Coffee & Walnut Cake

  • 100g softened butter
  • 100g caster sugar
  • 2 large eggs
  • 100g self-raising flour
  • 1 level tsp baking powder
  • 50g chopped walnuts
  • 1 tbsp coffee extract (or 2 tsp instant coffee granules mixed with 1 tbsp hot water. Use a bit more in the cake mix than in the icing)

FOR THE ICING: 

  • 75g softened butter
  • 225g sifted icing sugar
  • 2 tsp milk
  • 2 tsp coffee extract
  • 8 walnut halves, to decorate

Heat the oven to 160C/Gas 4.

Grease two 18cm sandwich tins and line the base of each with baking paper. 

Put all the cake ingredients into a bowl and beat until well blended and smooth. 

Divide the cake mix between the sandwich tins and level the surface. Bake for 20-25 minutes or until well risen and the top springs back when pressed lightly with a finger. Leave to cool in the tins for a few minutes, then turn out, peel off the paper and finish cooling on a wire rack. 

To make the icing, beat the butter, sifted icing sugar, milk and coffee essence in a bowl until smooth.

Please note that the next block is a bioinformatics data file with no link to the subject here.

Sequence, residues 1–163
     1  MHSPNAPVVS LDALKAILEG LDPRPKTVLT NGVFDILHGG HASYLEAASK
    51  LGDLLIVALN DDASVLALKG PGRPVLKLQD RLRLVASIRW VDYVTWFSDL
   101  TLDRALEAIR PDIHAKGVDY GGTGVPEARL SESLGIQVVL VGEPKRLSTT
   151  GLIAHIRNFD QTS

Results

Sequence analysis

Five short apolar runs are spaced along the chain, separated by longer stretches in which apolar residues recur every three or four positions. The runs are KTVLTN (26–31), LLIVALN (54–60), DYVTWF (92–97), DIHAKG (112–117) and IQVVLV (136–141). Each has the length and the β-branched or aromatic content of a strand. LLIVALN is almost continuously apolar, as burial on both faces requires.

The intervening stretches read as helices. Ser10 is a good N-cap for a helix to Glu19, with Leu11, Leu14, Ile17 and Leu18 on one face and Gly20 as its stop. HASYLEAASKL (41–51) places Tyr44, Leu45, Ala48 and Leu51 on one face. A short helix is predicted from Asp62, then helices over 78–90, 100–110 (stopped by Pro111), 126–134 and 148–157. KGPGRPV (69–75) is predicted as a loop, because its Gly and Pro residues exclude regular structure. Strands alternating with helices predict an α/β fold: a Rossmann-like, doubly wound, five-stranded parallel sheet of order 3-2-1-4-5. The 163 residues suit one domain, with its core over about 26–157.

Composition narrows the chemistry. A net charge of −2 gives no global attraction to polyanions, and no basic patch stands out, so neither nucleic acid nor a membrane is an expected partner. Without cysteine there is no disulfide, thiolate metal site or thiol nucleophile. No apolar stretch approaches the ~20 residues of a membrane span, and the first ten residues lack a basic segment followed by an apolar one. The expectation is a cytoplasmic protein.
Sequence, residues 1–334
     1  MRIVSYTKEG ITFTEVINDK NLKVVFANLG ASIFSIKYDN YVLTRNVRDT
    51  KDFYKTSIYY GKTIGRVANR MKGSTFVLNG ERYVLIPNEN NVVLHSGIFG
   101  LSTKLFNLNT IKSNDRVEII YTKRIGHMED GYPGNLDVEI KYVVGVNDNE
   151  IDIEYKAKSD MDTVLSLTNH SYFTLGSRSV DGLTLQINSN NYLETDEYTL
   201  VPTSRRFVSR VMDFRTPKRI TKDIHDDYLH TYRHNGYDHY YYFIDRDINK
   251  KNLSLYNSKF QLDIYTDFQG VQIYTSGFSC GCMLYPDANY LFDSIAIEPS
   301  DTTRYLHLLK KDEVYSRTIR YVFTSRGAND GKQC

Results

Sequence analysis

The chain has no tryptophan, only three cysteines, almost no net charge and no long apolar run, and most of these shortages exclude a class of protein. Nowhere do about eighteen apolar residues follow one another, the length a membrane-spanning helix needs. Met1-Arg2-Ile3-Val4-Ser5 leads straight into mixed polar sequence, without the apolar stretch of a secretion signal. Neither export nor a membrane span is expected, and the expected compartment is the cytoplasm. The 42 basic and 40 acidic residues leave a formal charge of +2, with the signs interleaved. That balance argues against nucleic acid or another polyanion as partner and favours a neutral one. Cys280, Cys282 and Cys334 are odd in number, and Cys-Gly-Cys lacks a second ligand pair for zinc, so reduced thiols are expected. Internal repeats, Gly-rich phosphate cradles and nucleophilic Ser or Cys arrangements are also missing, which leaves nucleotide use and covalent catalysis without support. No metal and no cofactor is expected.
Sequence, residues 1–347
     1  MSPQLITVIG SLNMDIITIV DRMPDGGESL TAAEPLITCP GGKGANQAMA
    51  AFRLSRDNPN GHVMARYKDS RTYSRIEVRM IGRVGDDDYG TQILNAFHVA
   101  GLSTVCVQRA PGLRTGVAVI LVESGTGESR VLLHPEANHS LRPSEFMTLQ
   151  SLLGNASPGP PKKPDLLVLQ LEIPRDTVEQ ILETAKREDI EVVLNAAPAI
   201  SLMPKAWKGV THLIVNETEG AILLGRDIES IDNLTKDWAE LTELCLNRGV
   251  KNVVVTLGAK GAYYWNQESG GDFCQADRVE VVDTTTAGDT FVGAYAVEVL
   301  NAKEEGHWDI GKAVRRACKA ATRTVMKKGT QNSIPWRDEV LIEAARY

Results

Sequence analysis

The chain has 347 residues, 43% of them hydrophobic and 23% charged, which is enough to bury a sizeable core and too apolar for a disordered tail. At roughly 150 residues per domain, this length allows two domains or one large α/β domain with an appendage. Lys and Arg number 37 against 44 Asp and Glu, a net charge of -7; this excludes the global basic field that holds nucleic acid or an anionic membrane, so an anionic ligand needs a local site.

When the cakes are completely cold sandwich them together with half the icing and use the rest for the top. Decorate with the walnuts. 

(Original recipe from Mary Berry’s Baking Bible, BBC Books, 2009.)

 

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These have been part of my life as long as I can remember. There are different ways of making them, and I’m not sure if this is how I made them with my Mum when I was a kid, but this version is really crunchy and keeps well … if you can resist.

ANZAC stands for the Australian and New Zealand Army Corps which first fought in Gallipoli in WWI. It was this conflict that defined both nations by giving them a distinct voice as countries, and no longer colonies of Britain. After this war both nations were equal member of the Treaty of Versailles despite their distance and size, and thus included as nations in their own right. This hadn’t really happened before this date, so a defining moment that allowed them both to develop independently.